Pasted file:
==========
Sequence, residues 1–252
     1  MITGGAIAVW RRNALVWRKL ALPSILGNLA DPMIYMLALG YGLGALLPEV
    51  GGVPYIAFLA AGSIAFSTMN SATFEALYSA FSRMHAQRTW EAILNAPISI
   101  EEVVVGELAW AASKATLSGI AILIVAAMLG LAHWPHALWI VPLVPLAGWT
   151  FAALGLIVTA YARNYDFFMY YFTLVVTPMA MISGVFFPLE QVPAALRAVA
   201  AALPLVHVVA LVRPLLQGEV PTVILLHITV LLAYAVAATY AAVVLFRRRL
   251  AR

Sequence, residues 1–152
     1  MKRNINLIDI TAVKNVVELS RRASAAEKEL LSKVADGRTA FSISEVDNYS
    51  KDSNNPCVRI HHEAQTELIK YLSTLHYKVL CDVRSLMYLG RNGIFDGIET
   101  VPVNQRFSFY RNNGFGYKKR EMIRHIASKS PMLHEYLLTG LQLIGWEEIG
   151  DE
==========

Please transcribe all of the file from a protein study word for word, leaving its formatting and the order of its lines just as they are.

Sequence, residues 1–252
     1  MITGGAIAVW RRNALVWRKL ALPSILGNLA DPMIYMLALG YGLGALLPEV
    51  GGVPYIAFLA AGSIAFSTMN SATFEALYSA FSRMHAQRTW EAILNAPISI
   101  EEVVVGELAW AASKATLSGI AILIVAAMLG LAHWPHALWI VPLVPLAGWT
   151  FAALGLIVTA YARNYDFFMY YFTLVVTPMA MISGVFFPLE QVPAALRAVA
   201  AALPLVHVVA LVRPLLQGEV PTVILLHITV LLAYAVAATY AAVVLFRRRL
   251  AR

Sequence, residues 1–152
     1  MKRNINLIDI TAVKNVVELS RRASAAEKEL LSKVADGRTA FSISEVDNYS
    51  KDSNNPCVRI HHEAQTELIK YLSTLHYKVL CDVRSLMYLG RNGIFDGIET
   101  VPVNQRFSFY RNNGFGYKKR EMIRHIASKS PMLHEYLLTG LQLIGWEEIG
   151  DE